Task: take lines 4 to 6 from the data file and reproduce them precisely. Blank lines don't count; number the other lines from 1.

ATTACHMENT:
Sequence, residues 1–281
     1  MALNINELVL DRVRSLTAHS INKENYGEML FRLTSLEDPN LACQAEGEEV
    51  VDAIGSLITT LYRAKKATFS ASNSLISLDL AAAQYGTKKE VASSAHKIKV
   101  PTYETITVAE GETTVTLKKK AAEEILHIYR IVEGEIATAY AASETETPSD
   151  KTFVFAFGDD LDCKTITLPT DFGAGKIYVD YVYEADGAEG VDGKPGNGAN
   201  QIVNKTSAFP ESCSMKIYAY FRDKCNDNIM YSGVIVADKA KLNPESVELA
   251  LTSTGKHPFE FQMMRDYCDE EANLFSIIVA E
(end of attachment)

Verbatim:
   101  PTYETITVAE GETTVTLKKK AAEEILHIYR IVEGEIATAY AASETETPSD
   151  KTFVFAFGDD LDCKTITLPT DFGAGKIYVD YVYEADGAEG VDGKPGNGAN
   201  QIVNKTSAFP ESCSMKIYAY FRDKCNDNIM YSGVIVADKA KLNPESVELA